An unintended consequence of the AAP project was that the first casualty was unquestionably the Congress. Opinion polls seem to veer to the conclusion that AAP had damaged Congress grievously and only dented the BJP. Examined from another perspective, the AAP had divided the anti-Modi vote to the point of actually increasing the BJP’s potential tally of seats.
By invoking the secular wolf and kindling an unstated idea of India that apparently linked the 128-year-old Indian National Congress with 3,000 years of Indian civilisation, the speech-writers of Rahul Gandhi attempted to pour some cement down the spine of an ailing Congress. The appeal had some currency precisely because it coincided with the inability of the over-exuberant AAP Government in Delhi to reconcile the contradictory impulses of its two groups of supporters: the middle classes that sought hassle-free governance and the activists, who wanted to use the Delhi government to ferment a social revolution. Whether AAP will be a political tsunami or India’s shortest-lived political bubble is still unknown.
However, in suggesting that there is still some fight left in the Congress, Rahul Gandhi may have checked the desertion of his party’s traditional supporters into the ragtag army.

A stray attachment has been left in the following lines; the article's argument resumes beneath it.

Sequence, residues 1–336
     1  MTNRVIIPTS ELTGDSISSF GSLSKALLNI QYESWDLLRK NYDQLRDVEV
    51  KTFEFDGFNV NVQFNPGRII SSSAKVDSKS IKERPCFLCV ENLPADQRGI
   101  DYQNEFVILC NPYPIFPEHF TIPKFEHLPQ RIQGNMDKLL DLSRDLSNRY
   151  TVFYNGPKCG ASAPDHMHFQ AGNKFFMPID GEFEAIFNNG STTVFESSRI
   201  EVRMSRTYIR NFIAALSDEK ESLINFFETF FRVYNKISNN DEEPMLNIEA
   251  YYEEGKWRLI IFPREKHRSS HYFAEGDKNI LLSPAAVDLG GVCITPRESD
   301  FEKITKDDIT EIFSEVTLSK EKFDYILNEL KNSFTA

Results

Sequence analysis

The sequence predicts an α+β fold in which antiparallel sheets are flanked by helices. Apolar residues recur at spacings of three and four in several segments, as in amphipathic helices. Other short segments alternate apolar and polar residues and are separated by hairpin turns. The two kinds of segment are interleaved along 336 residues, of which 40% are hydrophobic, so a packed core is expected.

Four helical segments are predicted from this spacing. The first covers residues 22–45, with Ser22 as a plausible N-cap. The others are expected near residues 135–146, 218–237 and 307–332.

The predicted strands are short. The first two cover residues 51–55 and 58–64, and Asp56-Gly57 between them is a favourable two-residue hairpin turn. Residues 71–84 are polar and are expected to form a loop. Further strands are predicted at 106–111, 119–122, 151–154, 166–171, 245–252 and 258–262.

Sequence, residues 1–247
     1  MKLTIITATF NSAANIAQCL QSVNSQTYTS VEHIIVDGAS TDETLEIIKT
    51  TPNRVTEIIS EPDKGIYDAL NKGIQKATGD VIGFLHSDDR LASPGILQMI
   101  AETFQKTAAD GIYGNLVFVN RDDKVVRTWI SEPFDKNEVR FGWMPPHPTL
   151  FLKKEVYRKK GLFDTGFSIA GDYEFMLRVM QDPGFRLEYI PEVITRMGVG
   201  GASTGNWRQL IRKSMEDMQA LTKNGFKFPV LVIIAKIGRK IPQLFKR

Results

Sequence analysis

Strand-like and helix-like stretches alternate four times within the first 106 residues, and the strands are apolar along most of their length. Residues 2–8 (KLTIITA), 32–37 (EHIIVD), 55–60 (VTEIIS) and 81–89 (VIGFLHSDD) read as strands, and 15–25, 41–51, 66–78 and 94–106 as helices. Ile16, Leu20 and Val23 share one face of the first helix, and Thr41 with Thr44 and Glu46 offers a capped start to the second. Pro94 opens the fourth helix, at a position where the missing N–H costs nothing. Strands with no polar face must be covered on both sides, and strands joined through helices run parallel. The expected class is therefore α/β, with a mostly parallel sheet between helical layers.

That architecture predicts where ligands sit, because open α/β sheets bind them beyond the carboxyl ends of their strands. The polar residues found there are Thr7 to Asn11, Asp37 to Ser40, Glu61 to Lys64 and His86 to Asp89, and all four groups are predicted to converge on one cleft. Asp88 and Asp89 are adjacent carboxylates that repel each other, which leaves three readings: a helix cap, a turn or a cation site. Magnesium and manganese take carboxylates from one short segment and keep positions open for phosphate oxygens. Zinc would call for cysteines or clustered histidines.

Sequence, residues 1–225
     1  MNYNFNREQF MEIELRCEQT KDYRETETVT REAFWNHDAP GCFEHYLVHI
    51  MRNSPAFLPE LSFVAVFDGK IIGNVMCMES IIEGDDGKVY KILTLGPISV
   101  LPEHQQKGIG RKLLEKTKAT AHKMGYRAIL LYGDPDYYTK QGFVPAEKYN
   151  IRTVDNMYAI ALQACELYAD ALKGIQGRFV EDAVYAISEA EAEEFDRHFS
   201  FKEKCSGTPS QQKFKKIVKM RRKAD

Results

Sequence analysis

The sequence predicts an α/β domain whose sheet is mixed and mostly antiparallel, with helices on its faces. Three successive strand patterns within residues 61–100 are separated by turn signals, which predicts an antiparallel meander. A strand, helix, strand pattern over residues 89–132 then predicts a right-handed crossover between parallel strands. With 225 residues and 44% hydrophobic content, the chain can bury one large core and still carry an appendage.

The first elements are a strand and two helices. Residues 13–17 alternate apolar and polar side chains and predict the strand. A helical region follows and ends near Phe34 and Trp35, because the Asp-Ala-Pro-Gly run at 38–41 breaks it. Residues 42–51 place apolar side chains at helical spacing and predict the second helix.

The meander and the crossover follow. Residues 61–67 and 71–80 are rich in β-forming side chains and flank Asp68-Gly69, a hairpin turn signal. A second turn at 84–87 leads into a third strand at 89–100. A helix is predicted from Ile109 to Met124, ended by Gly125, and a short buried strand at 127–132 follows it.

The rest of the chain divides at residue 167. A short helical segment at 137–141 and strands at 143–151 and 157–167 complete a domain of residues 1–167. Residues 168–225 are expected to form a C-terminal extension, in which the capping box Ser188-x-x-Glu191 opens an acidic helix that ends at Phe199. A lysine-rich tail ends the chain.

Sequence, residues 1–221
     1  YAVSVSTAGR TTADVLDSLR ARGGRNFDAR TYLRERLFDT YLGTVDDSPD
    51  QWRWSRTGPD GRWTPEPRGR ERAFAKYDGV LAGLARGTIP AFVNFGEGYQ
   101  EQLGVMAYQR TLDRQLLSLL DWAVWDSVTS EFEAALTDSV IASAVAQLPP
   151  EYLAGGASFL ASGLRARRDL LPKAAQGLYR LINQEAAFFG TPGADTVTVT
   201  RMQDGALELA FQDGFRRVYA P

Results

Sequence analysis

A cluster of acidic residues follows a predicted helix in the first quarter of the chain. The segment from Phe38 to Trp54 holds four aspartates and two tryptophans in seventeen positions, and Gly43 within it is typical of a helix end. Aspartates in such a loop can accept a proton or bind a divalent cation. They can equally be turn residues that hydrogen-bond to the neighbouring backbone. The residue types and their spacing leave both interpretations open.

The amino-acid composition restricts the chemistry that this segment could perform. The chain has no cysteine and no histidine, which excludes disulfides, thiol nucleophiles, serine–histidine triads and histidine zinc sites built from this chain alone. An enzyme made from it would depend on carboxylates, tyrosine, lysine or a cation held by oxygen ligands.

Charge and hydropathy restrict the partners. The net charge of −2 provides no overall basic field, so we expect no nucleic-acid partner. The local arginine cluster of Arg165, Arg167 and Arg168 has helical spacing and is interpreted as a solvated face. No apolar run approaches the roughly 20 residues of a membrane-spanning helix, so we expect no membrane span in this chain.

There was a second aspect to the Rahul project: To distance himself from the anti-incumbency attached to Prime Minister Manmohan Singh, by packaging himself as a rebel prince. The fierce gesticulations, the raising of the decibel level and the 12-cylinder drama were features of this positioning. Also important was his underlying assurance that despite the top job being reserved for a member of the first family, the Congress would promote dedicated grassroots workers and women to positions of importance. The Congress, he was at pains to stress, would be a vehicle for monarchical egalitarianism.
Sadly for the Congress, it took just two incidents to puncture the contrived piousness. The first was the unprovoked, but calculated outburst of Mani Shankar Aiyar that Modi was best suited to distributing tea at the AICC offices. Having traditionally occupied the twilight zone between socialist earnestness and the role of court jester, Aiyar epitomises the arrogance of an elite that believes it is born to rule (through the Gandhis). His aside on the humble origins of Modi was revealing, not merely on account of the insight it provides on the in-jokes of a party that has milked poverty for electoral advantage. Read along with Salman Khurshid’s remark about AAP comprising ‘third class’ individuals who ‘stink’, they suggest that the Congress edifice rests on two different architectures of entitlements: the sops for the poor and the imperishable comfort zones for the socially privileged.
The Congress may go on living in denial, but the political elite’s haughtiness and insouciance is fast becoming an election issue—even in Amethi. That is why even the circumstances surrounding the grave personal tragedy of a Congress minister may well escalate into bouts of class resentment. Coming before an election, each one of the English-speaking Congress’ misdemeanours will help puncture the claims of Rahul Gandhi to be an instrument of sincerity and integrity.

Swapan Dasgupta